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Paediatr Drugs. 2003;5(6):373-83.

Postoperative shivering in children: a review on pharmacologic prevention and treatment.

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  • 1Department of Anesthesiology, University of Würzburg, Würzburg, Germany. peter.kranke@mail.uni-wuerzburg.de


Postoperative shivering consists of muscular tremor and rigidity. It is often associated with body heat loss, although hypothermia alone does not fully explain the occurrence of shivering. Shivering is self-limiting, never becomes chronic, and is rarely associated with major morbidity. However, it affects the comfort of the patients, and may sometimes lead to more serious complications. The efficacy of a great variety of pharmacologic interventions to prevent shivering and to treat established symptoms has been tested in randomized controlled trials. These can be gathered systematically; recommendations on prevention and treatment can then be based on the strongest evidence. Unfortunately all these trials have been performed in adults. Thus, recommendations for the control of postoperative shivering in children have to be extrapolated from adult data. In adults, a systematic review strongly suggests that simple measurements are efficacious for both prevention and treatment. For prevention, extrapolation of these adult data indicates that three children have to receive intravenous clonidine 1.5 micro g/kg during anesthesia for one not to shiver, when they would have done so had they not received clonidine. For this degree of efficacy, the expected incidence of shivering (baseline risk) has to be high (approximately 50%). For treatment, extrapolation from adult data indicates that less than two children need to receive intravenous meperidine (pethidine) 0.35 mg/kg, or clonidine 1.5 micro g/kg for one to stop shivering five minutes after drug administration, when they would not have done so had they not received one of these drugs. Since the treatment of established shivering is efficacious, simple, inexpensive, and relatively safe, and since prevention is only efficacious if the baseline risk is very high, we recommend the 'wait and see' strategy.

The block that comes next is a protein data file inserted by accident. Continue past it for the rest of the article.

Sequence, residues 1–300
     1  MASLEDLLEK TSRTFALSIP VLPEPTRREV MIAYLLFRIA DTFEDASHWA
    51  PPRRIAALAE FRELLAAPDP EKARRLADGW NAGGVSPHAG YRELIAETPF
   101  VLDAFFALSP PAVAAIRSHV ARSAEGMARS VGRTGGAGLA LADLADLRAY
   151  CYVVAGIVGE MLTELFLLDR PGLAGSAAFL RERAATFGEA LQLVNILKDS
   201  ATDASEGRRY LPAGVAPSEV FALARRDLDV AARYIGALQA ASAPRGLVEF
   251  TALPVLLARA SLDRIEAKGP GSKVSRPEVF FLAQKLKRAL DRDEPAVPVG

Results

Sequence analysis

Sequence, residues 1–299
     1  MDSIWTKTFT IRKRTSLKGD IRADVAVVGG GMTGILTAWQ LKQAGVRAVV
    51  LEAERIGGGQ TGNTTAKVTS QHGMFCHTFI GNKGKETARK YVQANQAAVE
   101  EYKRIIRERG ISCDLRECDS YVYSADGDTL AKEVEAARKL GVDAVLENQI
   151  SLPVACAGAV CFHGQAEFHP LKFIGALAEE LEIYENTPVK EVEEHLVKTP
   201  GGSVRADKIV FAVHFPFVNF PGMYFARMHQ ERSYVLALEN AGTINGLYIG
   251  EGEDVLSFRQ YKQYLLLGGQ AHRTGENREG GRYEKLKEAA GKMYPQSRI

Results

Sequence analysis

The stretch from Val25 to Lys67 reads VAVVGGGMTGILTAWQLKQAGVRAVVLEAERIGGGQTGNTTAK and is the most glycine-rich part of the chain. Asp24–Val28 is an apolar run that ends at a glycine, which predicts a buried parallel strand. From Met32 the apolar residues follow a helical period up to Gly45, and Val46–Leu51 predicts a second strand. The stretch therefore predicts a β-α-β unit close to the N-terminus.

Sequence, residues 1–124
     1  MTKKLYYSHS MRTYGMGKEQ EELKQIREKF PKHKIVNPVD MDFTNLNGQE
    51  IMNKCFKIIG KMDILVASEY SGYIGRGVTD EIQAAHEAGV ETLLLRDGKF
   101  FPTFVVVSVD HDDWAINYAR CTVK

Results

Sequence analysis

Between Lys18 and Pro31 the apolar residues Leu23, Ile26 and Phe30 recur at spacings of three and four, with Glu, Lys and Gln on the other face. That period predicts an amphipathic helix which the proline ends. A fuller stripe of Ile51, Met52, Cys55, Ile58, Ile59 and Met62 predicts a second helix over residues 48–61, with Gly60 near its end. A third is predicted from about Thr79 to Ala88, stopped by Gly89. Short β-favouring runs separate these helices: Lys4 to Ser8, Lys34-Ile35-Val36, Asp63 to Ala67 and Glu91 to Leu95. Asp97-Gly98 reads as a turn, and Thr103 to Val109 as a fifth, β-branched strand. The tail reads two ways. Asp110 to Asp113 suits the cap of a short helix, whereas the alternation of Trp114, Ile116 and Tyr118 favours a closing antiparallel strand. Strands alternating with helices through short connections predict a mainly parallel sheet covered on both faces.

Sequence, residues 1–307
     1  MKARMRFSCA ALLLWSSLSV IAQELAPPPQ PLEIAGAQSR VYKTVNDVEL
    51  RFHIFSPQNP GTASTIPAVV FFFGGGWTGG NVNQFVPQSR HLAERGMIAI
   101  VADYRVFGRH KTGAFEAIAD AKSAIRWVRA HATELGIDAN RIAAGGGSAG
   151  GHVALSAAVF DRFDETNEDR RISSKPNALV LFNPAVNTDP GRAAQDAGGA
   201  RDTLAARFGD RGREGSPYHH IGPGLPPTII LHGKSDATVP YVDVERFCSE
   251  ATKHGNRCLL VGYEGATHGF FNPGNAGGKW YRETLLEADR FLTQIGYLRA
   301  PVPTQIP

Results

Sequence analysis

[PubMed - indexed for MEDLINE]
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